Babylonian tradition says that there were seven Apkallu who lived at the beginning of time before the flood, and were sent by the god Ea to teach wisdom to humans. By name, they were Adapa (the first man) Uan-dugga, En-me-duga, En-me-galanna, En-me-buluga, An-enlilda and Utu-abzu.
Apkallu protect people and sometimes hold a small, purse-like bucket(with a cone of incense inside) for purifying. In the Babylonian tradition, the Apkallu appear as griffins or simply as humans with wings. Some have the head of a bird, while others lack wings and are dressed in the skin of a fish.
In Egyptian mythology, Apis (or Hapis) is a bull-deity. He served as an intermediary between humans and an all-powerful god. The cult of the Apis bull started at the very beginning of Egyptian history, probably as a fertility god connected to grain and the herds. The bull symbolized the king’s courageous heart, great strength, virility, and fighting spirit. The Apis bull was considered to be a manifestation of the pharaoh, as bulls were symbols of strength and fertility, qualities which are closely linked with kingship–for instance, the description “the strong bull of his mother Hathor” was a common title for gods and pharaohs. Apis was pictured with Hathor’s sun-disk between his horns, being one of few deities associated with her symbol.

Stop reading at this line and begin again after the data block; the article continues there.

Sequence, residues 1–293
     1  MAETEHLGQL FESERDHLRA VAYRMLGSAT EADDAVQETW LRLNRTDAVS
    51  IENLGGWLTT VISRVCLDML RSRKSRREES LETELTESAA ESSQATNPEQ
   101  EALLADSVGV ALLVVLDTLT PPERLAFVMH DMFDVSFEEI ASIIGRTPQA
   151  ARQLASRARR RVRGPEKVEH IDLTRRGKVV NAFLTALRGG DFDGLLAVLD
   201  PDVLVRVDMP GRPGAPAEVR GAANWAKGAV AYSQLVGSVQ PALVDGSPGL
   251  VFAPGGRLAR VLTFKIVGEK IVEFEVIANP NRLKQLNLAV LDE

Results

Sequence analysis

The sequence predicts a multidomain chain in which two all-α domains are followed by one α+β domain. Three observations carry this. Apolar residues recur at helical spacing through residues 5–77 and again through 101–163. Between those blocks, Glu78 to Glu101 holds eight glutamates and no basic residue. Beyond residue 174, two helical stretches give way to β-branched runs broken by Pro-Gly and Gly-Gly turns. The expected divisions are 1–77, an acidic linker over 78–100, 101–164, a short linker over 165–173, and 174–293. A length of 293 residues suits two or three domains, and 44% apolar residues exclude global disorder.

I like them. (it?)
Sigh. Here in Georgia, we do not get much snow. The smallest amount of snow in my area, which I will simply call the Metro Atlanta Area, tends to paralyze the city because 1) generally, natives do not know how to drive in it, and 2) until recently, we had no infrastructure to deal with it. Also, we tend to get more ice than snow.